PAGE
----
UCE releases response to reporting on the recent Tax Law amendments compelling the collection of sales taxes from non-Indians on Indian land.

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Recently, the New York Legislature as part of its budget enacted a number of amendments to the Tax Law to compel the collection of sales taxes from non-Indians on Indian land. Governor Pataki issued 119 vetoes relative to the legislative budget. In response the Legislature overrode his vetoes and its budget became law. In recent weeks various stories appeared in the press in which we feel incorrectly reports the state of the law as well as history.

I am writing in response to the recent news articles in the news media that have appeared on Shows like WNYLive or in articles in newspapers like The Buffalo News regarding the recent amendments to the Tax Law compelling the collection of taxes on sales to non-Indians on Indian land. I would like to clear up some of the misconceptions and rhetoric that appeared in these articles.

First the State is not seeking to tax Indians, it is seeking to enforce already existing laws on their non-Indian patrons. Currently, non-Indians purchasing any goods or services on Indian land where the taxes are not collected at the time of purchase must fill out a tax form (either a CG-15 or ST-130 depending on what was purchased) and pay the appropriate tax due within 24 hours of the purchase. Failure to do so is a misdemeanor and may result in fines and/or imprisonment. Let us be clear who is being taxed in this tax scheme, it is non-Indians not Indians. The Indian retailer is merely a conduit for the tax to be collected and remitted to the state. Indians making purchases on their land are still tax exempt. Also there is no treaty or statute that provides non-Indian consumers with an exemption from taxation on or off Indian land. The loss of this tax revenue increases the burden of honest taxpayers in Erie County as well as the State. It is also harmful to our local economy in that honest businessmen are put at a competitive disadvantage.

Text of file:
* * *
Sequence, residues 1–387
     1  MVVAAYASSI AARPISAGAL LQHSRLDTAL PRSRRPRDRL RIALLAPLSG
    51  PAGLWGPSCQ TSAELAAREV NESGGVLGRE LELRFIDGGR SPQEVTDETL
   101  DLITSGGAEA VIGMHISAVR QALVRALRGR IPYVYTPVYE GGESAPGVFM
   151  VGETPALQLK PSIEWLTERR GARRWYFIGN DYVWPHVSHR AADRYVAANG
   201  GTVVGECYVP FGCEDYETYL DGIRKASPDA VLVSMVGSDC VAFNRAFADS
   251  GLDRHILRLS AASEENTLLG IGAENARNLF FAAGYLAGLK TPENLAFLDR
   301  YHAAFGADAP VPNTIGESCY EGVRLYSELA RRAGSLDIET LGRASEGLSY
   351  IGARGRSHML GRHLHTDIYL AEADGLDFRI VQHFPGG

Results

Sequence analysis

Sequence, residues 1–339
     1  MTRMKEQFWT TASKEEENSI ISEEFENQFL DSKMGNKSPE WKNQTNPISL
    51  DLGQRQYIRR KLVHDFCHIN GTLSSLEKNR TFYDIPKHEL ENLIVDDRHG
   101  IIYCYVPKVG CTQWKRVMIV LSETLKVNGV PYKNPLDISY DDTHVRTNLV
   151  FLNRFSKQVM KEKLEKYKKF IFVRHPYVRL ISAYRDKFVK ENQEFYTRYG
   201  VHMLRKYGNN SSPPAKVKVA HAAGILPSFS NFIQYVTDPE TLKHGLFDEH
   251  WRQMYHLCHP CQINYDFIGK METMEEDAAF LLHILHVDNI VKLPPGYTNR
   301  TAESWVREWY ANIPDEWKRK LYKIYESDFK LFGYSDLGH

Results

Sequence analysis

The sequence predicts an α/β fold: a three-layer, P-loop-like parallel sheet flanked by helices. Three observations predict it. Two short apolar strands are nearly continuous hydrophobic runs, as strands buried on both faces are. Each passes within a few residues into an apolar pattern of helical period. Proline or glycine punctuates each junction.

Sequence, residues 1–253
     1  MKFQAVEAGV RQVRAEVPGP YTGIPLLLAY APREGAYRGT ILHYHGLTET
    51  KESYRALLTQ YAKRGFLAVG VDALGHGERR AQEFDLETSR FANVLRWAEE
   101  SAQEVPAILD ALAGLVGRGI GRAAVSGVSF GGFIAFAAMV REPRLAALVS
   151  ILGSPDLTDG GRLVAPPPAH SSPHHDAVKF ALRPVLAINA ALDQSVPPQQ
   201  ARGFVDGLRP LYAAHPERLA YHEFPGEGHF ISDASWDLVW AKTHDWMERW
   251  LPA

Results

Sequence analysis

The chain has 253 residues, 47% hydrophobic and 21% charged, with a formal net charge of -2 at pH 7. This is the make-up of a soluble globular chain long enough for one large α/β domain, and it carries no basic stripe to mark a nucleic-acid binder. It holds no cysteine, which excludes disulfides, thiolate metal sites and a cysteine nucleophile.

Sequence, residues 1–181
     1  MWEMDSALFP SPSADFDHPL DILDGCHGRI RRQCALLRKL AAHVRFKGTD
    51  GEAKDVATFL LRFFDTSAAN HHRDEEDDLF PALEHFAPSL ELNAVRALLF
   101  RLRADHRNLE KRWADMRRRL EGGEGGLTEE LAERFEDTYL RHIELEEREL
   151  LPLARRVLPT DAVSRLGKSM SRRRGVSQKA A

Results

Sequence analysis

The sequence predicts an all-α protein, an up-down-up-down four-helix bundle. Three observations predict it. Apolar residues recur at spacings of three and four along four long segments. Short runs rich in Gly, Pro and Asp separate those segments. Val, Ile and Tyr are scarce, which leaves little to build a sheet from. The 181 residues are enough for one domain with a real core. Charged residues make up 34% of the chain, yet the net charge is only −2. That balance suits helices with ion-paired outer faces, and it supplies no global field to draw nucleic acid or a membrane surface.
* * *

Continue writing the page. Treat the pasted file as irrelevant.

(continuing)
Secondly, the often used analogy that puts Indian governmental entities on the same level with Canada is not accurate. The United States Supreme Court has stated in Nevada v. Hicks that "Our cases make clear that the Indians' right to make their own laws and be governed by them does not exclude all state regulatory authority on the reservation. State sovereignty does not end at a reservation's border. Though tribes are often referred to as "sovereign" entities, it was "long ago" that "the Court departed from Chief Justice Marshall's view that "the laws of [a State] can have no force" within reservation boundaries. Ordinarily, it is now clear, an Indian reservation is considered part of the territory of the State." In fact Congress has given the State of New York criminal and civil jurisdiction on Indian land (25 USC §§ 232, 233). Additionally, in June 2002 Judge Arcara dismissed the Grand Island Land Claim in part because this was not the aboriginal land of the Seneca (who sided with the British in the Revolutionary War).

The U.S. Supreme Court stated in its 1980 decision, Washington State v. Confederated Tribes, "We do not believe that principles of federal Indian law, whether stated in terms of pre-emption, tribal self-government, or otherwise, authorize Indian tribes thus to market an exemption from state taxation to persons who would normally do their business elsewhere." The Court also noted that the State of Washington had the right to seize unstamped cigarettes to enforce its valid taxes.